CR
Cryospheric Sciences

Bridging the crevasse: working toward gender equity in the cryosphere

Figure 1: PhD student Gemma Brett conducts fieldwork examining variability in the distribution of the sub-ice platelet layer in McMurdo Sound, Antarctica [Credit: Florence Isaacs]

Today is International Women’s Day. As three early career glaciologists, we set out to investigate the state of gender diversity in the cryospheric sciences. Is there a better day for this than the day of recognition of the fight for women’s rights across the globe?


“The extreme nature of high alpine and polar environments made the rhetoric of mountaineering and glaciology heroic and masculine, which made both pursuits the embodiment of gentlemanly activity”
— Jaclyn R. Rushing
Women and Glaciers: Changing Dynamics in Sport, Science, and Climate Change

Descended from the earliest mountaineers and explorers, glaciology has been, like many sciences, long dominated by men. As today is International Women’s Day, we set out to understand gender diversity in the cryospheric sciences. With this blog post, we aim to provide two resources: 1) the most up-to-date statistics about gender in the cryospheric sciences and 2) a list of things that you can do to improve diversity in our beloved discipline.

As Lora Koenig and her co-writers succinctly stated:

If we value diversity and believe our discipline will be at its best when every student has equal opportunity, then we must do more than talk; we must act. Awareness and data collection are part of ensuring a diverse field now and in the future.”

Note: Our use of ‘women’ is intended to encompass all those who are female-identifying. The only statistics and research on this topic that were available at the time of writing lean heavily on the classification of individuals as ‘male’ or ‘female’. We wish to highlight that these sources exclude those of us with a gender identity that does not fit within this binary, and emphasise that we are speaking within these limitations in this article. Also, while this article focuses on research about women within academia, the experiences of women involved in knowledge-gathering outside this formal structure are varied and important.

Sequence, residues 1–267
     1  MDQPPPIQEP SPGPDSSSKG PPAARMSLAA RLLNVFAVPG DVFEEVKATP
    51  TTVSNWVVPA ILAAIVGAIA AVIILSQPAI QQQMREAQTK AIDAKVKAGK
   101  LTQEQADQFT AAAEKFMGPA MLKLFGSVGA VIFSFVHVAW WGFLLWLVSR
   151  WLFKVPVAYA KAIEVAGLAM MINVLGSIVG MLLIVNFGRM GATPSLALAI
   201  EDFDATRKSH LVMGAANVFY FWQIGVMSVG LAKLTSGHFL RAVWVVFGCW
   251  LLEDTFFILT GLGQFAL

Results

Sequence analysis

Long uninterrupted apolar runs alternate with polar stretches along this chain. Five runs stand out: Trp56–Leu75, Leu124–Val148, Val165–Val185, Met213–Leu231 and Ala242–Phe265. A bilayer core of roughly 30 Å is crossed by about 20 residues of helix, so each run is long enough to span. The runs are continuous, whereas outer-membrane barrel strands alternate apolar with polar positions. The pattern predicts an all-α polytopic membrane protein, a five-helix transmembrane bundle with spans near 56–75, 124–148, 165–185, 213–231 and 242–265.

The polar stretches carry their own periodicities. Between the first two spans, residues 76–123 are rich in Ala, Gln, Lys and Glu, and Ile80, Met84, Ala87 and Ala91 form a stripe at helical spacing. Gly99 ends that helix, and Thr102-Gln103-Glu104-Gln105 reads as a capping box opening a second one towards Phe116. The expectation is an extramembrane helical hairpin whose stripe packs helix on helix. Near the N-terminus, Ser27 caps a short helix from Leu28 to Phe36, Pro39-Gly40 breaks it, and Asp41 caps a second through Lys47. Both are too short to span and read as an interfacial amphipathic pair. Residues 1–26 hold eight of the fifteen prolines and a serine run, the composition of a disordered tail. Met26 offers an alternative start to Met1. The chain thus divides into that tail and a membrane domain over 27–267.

The gender gap in science

According to the UNESCO Institute for Statistics, fewer than 30% of the world’s researchers are women, and women in STEM fields (Science, Technology, Engineering and Mathematics) “publish less, are paid less for their research and do not progress as far as men in their careers”.

Figure 2 shows data from our blog’s host, the European Geosciences Union (EGU) – all sections considered – for the past two years. Women currently account for one-third of all EGU members. On the other side of the Atlantic, the American Geophysical Union (AGU) has a slightly lower percentage of women — about 30% of all members in 2018.

Figure 2. Gender breakdown in EGU membership data – all sections considered – for 2018. The numbers presented are valid as of 08/03/2018. These numbers are estimates as they account only for active members who have filled out their membership profile. Members are not directly asked what gender they are, but they have been asked to select their salute (Mr vs Ms/Mrs), and self-designate as early-career. Emeritus members are members older than 60 or retired. Width is not to scale [Credit: Barbara Ferreira, EGU Media and Communications Manager].

How does the cryosphere compare?

We reviewed data from the American Geophysical Union (AGU) and the International Glaciological Society (IGS). Unfortunately, the EGU Cryosphere section has not yet published a breakdown of gender diversity (it’s on its way!).

Figure 3. Gender breakdown in AGU Cryosphere Sciences and International Glaciological Society membership data for all members in 2018 and by career stage in 2015. Circle size is not to scale [Credit: Lara Koenig for AGU data and Louise Buckingham, Doug MacAyeal, and Francisco Navarro for IGS data].